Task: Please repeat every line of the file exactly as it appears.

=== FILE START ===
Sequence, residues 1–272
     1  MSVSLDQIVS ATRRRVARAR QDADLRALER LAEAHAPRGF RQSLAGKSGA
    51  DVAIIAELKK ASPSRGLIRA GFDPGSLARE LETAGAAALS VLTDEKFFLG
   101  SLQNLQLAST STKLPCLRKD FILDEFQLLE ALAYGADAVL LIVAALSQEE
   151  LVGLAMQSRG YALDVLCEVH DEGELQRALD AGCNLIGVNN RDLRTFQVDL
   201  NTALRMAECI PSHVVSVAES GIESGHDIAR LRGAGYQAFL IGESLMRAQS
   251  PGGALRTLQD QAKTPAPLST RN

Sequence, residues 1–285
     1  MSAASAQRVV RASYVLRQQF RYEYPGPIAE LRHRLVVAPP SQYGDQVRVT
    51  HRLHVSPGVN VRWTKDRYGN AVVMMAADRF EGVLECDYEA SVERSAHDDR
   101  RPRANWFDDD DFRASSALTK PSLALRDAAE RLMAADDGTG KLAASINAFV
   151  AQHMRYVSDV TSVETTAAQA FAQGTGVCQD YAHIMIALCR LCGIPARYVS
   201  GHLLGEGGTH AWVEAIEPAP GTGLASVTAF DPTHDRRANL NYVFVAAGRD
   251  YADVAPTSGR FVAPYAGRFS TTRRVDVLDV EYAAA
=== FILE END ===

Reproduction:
Sequence, residues 1–272
     1  MSVSLDQIVS ATRRRVARAR QDADLRALER LAEAHAPRGF RQSLAGKSGA
    51  DVAIIAELKK ASPSRGLIRA GFDPGSLARE LETAGAAALS VLTDEKFFLG
   101  SLQNLQLAST STKLPCLRKD FILDEFQLLE ALAYGADAVL LIVAALSQEE
   151  LVGLAMQSRG YALDVLCEVH DEGELQRALD AGCNLIGVNN RDLRTFQVDL
   201  NTALRMAECI PSHVVSVAES GIESGHDIAR LRGAGYQAFL IGESLMRAQS
   251  PGGALRTLQD QAKTPAPLST RN

Sequence, residues 1–285
     1  MSAASAQRVV RASYVLRQQF RYEYPGPIAE LRHRLVVAPP SQYGDQVRVT
    51  HRLHVSPGVN VRWTKDRYGN AVVMMAADRF EGVLECDYEA SVERSAHDDR
   101  RPRANWFDDD DFRASSALTK PSLALRDAAE RLMAADDGTG KLAASINAFV
   151  AQHMRYVSDV TSVETTAAQA FAQGTGVCQD YAHIMIALCR LCGIPARYVS
   201  GHLLGEGGTH AWVEAIEPAP GTGLASVTAF DPTHDRRANL NYVFVAAGRD
   251  YADVAPTSGR FVAPYAGRFS TTRRVDVLDV EYAAA